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Clinical decision-making during 5 years of antipsychotic treatment

Levander, Sten LU ; Eberhard, Jonas LU and Lindstrom, E (2007) In Acta Psychiatrica Scandinavica 116. p.17-26
Abstract
Objective: Explore how clinicians select drug treatment based on symptoms, side effects and patient factors, including patient participation in the process, and the association between these factors and attitudes towards drugs. Method: A cohort of 166 patients initially treated with risperidone was followed with yearly assessments over 5 years. At the end of the study, 101 patients were evaluated of whom 58 were still treated with risperidone. Results: More women than men remained in the study, and on the initial medication. The most common reason for medication switch was lack of efficacy. Clinicians and patients agreed well in their global ratings of medication effects and side effects. Robust associations between switch decisions and... (More)
Objective: Explore how clinicians select drug treatment based on symptoms, side effects and patient factors, including patient participation in the process, and the association between these factors and attitudes towards drugs. Method: A cohort of 166 patients initially treated with risperidone was followed with yearly assessments over 5 years. At the end of the study, 101 patients were evaluated of whom 58 were still treated with risperidone. Results: More women than men remained in the study, and on the initial medication. The most common reason for medication switch was lack of efficacy. Clinicians and patients agreed well in their global ratings of medication effects and side effects. Robust associations between switch decisions and patient characteristics including symptoms and side effects could not be identified. The effects of switches were rated as better by the clinicians than by the patients. Negative drug attitudes were associated with pronounced positive symptoms (threshold effect), whereas the corresponding association with 'lack of judgment and insight' was linear over the whole range. Conclusion: The decision-making process appears to have many unknown components, and may benefit from more active patient involvement by using structured clinician and patient rating scales for monitoring the treatment. Such shared decision-making may improve compliance. (Less)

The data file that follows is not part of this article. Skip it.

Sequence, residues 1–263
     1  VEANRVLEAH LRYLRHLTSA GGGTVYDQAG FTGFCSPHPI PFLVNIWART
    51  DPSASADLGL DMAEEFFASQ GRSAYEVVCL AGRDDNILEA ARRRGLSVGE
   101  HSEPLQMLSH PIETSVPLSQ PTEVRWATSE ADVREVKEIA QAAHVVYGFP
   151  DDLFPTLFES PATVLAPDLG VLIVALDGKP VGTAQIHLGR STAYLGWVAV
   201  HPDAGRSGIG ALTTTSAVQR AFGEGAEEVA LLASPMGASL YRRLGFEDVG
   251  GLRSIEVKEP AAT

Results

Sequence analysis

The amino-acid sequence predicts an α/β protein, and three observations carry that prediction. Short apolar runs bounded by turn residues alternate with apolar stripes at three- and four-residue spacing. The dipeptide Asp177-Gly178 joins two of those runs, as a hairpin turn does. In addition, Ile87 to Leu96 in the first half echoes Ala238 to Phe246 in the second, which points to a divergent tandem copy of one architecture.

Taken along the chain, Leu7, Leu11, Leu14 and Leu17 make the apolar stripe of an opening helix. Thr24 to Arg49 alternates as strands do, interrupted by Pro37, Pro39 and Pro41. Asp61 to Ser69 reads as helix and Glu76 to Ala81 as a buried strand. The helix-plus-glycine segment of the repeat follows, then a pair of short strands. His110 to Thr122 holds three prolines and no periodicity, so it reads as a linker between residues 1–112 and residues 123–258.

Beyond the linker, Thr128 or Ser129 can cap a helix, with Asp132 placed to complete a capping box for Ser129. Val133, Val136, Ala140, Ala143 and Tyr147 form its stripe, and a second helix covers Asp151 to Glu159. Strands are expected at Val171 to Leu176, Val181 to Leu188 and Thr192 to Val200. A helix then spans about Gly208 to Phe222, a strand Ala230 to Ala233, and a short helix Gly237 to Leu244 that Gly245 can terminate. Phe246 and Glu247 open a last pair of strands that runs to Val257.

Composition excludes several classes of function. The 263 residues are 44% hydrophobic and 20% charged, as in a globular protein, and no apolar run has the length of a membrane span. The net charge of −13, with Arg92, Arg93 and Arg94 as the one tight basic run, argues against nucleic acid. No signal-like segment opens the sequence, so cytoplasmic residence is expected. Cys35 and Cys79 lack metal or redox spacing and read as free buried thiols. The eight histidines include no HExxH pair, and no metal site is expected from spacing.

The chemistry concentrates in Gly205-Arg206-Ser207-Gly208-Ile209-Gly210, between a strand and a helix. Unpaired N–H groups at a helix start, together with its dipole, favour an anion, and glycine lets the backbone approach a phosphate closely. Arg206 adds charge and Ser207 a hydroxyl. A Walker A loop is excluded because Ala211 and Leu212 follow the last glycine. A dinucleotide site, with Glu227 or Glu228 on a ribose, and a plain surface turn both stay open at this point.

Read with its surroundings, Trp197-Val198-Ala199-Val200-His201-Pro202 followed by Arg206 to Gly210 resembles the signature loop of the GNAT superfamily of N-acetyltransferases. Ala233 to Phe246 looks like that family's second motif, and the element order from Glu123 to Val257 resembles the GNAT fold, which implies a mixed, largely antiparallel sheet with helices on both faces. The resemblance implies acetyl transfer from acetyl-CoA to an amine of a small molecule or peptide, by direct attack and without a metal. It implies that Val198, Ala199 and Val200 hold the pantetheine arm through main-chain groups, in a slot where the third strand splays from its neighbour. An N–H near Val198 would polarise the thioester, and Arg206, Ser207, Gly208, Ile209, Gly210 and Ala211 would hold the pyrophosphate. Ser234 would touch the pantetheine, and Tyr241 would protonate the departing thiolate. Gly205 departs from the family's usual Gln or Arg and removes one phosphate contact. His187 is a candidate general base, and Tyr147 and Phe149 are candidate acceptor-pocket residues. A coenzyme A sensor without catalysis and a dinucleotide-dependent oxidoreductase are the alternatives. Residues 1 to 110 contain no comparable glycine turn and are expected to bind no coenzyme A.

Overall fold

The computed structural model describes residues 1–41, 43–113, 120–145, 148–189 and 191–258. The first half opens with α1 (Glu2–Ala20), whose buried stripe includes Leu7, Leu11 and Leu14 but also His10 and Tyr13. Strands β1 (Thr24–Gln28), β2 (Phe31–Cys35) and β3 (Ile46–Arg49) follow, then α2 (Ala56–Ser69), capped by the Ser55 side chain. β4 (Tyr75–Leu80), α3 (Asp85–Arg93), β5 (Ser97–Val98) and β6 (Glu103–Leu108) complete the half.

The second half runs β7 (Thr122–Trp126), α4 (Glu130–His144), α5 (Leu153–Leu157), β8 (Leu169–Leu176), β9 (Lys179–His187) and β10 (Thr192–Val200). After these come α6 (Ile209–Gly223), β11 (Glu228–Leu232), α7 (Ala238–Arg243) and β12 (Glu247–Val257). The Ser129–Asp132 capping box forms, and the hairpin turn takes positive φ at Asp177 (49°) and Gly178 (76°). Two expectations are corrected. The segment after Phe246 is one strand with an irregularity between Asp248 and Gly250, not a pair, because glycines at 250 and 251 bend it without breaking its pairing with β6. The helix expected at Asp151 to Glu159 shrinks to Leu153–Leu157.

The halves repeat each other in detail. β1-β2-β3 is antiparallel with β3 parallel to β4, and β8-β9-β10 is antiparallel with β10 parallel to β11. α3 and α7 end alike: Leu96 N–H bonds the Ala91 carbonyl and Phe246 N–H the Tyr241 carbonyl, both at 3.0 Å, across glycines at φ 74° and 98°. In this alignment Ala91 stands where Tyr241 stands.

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author
organization
publishing date
type
Contribution to journal
publication status
published
subject
keywords
risperidone, psychosis, longitudinal, symptoms, side effects, clinical, decision-making
in
Acta Psychiatrica Scandinavica
volume
116
pages
17 - 26
publisher
Wiley-Blackwell
external identifiers
  • wos:000251503800003
  • scopus:35449005978
ISSN
1600-0447
DOI
10.1111/j.1600-0447.2007.01084.x
language
English
LU publication?
yes
id
c5fe095d-80eb-44b4-8f10-f91fca50ebbe (old id 966445)
date added to LUP
2008-01-29 15:20:15
date last changed
2017-08-08 12:55:14
@article{c5fe095d-80eb-44b4-8f10-f91fca50ebbe,
  abstract     = {Objective: Explore how clinicians select drug treatment based on symptoms, side effects and patient factors, including patient participation in the process, and the association between these factors and attitudes towards drugs. Method: A cohort of 166 patients initially treated with risperidone was followed with yearly assessments over 5 years. At the end of the study, 101 patients were evaluated of whom 58 were still treated with risperidone. Results: More women than men remained in the study, and on the initial medication. The most common reason for medication switch was lack of efficacy. Clinicians and patients agreed well in their global ratings of medication effects and side effects. Robust associations between switch decisions and patient characteristics including symptoms and side effects could not be identified. The effects of switches were rated as better by the clinicians than by the patients. Negative drug attitudes were associated with pronounced positive symptoms (threshold effect), whereas the corresponding association with 'lack of judgment and insight' was linear over the whole range. Conclusion: The decision-making process appears to have many unknown components, and may benefit from more active patient involvement by using structured clinician and patient rating scales for monitoring the treatment. Such shared decision-making may improve compliance.},
  author       = {Levander, Sten and Eberhard, Jonas and Lindstrom, E},
  issn         = {1600-0447},
  keyword      = {risperidone,psychosis,longitudinal,symptoms,side effects,clinical,decision-making},
  language     = {eng},
  pages        = {17--26},
  publisher    = {Wiley-Blackwell},
  series       = {Acta Psychiatrica Scandinavica},
  title        = {Clinical decision-making during 5 years of antipsychotic treatment},
  url          = {http://dx.doi.org/10.1111/j.1600-0447.2007.01084.x},
  volume       = {116},
  year         = {2007},
}